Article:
Magical Diagrams, Instruments, & Accessories


Magical Diagrams

These were geometrical designs, repre­senting the mysteries of deity and creation, therefore supposed to be of special virtue in rites of evocation and conjuration.

The chief of these were the Triangle, the Double Triangle, forming a six-pointed star and known as the Sign or Seal of Solomon; the Tetragram a four-pointed star formed by the interlacement of two pillais; and the Pentagram, a five-pointed star.

These signs were traced on paper or parchment, or engraved on metals and glass and consecrated to their various uses by special rites.

The Triangle was based on the idea of trinity as found in all things, in deity, time and creation. The triangle was generally traced on the ground with the magic sword or rod, as in circles of evocation where the triangle was drawn within it and according to the position of the magician at its point or base so the spirits were conjured from heaven or hell.

The Double Triangle, the Sign of Solomon, symbolic of the Macrocosm, was formed by the interlacement of two triangles, thus its points constituted the perfect number six. The magicians wore it, bound on their brows and breasts during the ceremonies and it was engraved on the silver reservoir of the magic lamp.

The Tetragram was symbolic of the four elements and used in the conjuration of the elementary spirits—sylphs of the air, undines of the water, the fire salamanders and gnomes of the earth. In alchemy it represented the magical elements, salt, sulphur, mercury and a&oth; in mystic philosophy the ideas Spirit, Matter, Motion and Rest; in hieroglyphs the man, eagle, lion and bull.

The Pentagram, the sign of the Microcosm, was held to be the most powerful means of conjuration in any rite. It may represent evil as well as good, for while with one point in the ascendant it was the sign of Christ, with two points in the ascendant it was the sign of Satan. By the use of the pentagram in these positions the powers of light or darkness were evoked. The pentagram was said to be the star which led the Magi to the manger where the infant Christ was laid.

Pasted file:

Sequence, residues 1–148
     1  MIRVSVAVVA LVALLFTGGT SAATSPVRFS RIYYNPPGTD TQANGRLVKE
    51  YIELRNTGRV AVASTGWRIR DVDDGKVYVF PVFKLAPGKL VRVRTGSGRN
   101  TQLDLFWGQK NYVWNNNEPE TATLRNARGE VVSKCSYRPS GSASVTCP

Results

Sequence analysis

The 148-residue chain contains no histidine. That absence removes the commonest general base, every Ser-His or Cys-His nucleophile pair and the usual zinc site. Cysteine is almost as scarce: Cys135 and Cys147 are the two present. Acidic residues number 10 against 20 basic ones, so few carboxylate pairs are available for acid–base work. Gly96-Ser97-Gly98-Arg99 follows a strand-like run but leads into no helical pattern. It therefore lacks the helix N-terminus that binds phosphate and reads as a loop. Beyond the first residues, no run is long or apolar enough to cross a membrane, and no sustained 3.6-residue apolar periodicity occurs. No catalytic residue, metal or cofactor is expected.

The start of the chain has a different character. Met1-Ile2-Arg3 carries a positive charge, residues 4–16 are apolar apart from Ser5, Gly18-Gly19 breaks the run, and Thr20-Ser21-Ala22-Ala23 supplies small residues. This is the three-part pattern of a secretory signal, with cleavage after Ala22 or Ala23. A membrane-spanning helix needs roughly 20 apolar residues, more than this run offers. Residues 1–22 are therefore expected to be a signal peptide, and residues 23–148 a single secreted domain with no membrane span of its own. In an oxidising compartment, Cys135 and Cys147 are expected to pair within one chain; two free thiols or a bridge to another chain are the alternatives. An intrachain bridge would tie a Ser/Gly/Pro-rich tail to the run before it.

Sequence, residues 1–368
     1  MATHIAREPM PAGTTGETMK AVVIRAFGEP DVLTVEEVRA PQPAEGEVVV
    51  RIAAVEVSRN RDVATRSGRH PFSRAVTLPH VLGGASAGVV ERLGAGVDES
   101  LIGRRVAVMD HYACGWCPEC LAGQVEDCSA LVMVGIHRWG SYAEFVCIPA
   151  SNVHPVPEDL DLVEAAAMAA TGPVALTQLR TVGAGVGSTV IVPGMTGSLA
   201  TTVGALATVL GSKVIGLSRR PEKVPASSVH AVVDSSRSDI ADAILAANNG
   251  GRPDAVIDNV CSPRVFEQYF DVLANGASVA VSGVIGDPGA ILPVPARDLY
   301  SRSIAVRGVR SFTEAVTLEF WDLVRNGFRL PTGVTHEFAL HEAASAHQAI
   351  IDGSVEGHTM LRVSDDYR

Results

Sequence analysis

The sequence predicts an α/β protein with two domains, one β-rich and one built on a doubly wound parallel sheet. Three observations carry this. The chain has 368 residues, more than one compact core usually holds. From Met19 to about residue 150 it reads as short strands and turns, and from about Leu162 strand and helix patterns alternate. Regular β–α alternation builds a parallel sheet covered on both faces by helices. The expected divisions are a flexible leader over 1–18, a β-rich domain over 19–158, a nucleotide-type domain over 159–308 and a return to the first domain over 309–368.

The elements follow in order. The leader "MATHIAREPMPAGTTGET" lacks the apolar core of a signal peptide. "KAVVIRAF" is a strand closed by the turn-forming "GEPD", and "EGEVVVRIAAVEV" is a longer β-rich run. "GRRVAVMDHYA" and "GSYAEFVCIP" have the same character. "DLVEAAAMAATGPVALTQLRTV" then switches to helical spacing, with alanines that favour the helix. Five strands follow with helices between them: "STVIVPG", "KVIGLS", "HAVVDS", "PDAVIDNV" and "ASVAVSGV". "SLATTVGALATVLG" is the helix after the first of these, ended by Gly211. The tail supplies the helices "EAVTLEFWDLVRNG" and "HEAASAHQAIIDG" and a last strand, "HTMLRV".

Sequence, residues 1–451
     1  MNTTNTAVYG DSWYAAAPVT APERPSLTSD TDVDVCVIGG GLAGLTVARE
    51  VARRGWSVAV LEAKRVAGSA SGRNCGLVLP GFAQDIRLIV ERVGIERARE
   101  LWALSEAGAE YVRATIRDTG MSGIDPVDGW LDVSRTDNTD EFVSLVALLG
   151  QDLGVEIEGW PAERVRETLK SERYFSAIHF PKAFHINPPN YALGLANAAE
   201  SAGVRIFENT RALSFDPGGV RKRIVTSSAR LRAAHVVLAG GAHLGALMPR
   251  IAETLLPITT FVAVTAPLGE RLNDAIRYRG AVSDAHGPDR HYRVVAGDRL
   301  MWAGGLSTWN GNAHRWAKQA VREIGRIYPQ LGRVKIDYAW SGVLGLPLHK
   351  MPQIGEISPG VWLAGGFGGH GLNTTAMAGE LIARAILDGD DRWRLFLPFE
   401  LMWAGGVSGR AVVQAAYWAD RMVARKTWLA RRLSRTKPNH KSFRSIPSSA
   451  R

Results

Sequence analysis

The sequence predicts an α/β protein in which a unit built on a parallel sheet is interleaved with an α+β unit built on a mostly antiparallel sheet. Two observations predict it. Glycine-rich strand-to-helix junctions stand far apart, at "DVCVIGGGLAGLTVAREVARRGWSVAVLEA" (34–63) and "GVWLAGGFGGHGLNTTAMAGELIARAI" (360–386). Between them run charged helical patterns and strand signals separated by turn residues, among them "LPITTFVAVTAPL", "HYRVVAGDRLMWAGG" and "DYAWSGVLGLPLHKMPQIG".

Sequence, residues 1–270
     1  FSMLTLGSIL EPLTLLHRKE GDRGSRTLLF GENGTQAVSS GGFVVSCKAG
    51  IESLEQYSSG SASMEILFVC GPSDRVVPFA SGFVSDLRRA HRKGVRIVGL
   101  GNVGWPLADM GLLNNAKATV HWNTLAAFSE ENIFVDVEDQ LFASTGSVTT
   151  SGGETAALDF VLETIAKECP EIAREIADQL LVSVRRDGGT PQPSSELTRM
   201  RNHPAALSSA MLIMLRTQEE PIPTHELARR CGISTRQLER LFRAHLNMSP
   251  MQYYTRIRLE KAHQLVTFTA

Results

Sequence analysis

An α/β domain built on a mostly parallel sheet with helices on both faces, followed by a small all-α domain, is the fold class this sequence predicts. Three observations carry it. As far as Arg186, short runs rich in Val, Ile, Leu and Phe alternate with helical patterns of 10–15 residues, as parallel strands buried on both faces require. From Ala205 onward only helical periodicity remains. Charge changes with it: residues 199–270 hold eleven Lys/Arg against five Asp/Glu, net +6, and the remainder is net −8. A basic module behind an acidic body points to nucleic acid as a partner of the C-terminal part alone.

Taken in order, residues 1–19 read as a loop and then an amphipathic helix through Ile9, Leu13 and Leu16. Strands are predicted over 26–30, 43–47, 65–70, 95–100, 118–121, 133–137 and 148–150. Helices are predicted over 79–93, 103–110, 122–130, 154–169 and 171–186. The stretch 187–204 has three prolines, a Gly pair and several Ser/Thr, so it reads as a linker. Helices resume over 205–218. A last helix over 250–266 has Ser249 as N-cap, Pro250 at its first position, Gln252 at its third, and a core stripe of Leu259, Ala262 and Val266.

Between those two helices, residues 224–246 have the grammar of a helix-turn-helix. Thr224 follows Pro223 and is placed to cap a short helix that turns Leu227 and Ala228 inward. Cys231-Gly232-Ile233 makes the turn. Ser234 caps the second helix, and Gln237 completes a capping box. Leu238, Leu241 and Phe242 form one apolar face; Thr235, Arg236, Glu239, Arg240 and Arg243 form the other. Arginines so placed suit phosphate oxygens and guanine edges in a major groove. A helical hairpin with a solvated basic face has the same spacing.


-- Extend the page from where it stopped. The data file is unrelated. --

The preparation and consecration of this sign for use in magical rites is prescribed with great detail- It might be composed of seven metals, the ideal form for its expression; or traced in pure gold upon white marble, never before used for any purpose. It might also be drawn with vermilion upon lambskin without a blemish prepared under the auspices of the Sun. The sign was next consecrated with the four elements; breathed on five times ; dried by the smoke of five perfumes, incense, myrrh, aioes, sulphur and camphor. The names of five genii were breathed above it, and then the sign was placed successively at the north, south, east and west and centre of the astronomical cross pronouncing the letters of the sacred tetragram and various Kabalistic names.

It was believed to be of great efficacy in terrifying phantoms it engraved upon glass, and the magicians traced it on their doorsteps to prevent evil spirits from entering and the good from departing. This symbol has been used by all secret and occult societies, by the Rosicrucians, the Illuminati, down to the Freemasons of today. 

Modern Occultists translate the meaning of the pentagram as symbolic of the human soul and its relation to God. The symbol is placed with one point in the ascendant. That point represents tbe Great Spirit, God. A line drawn from there to the left-hand angle at base is the descent of spirit into matter in its lowest form, whence it ascends to right-hand angle typifying matter in its highest form, the braia of mm. From here a line is drawn across the figure to left angle representing man's development in intellect, and progress in material civilization, the point of danger, from which all nations have fallen into moral corruption, signified by the descent of the line to right angle at base. But the soul of man being derived from God cannot remain at this point, but must struggle upward, as is symbolised by the line reaching again to the apex, God, whence it issued.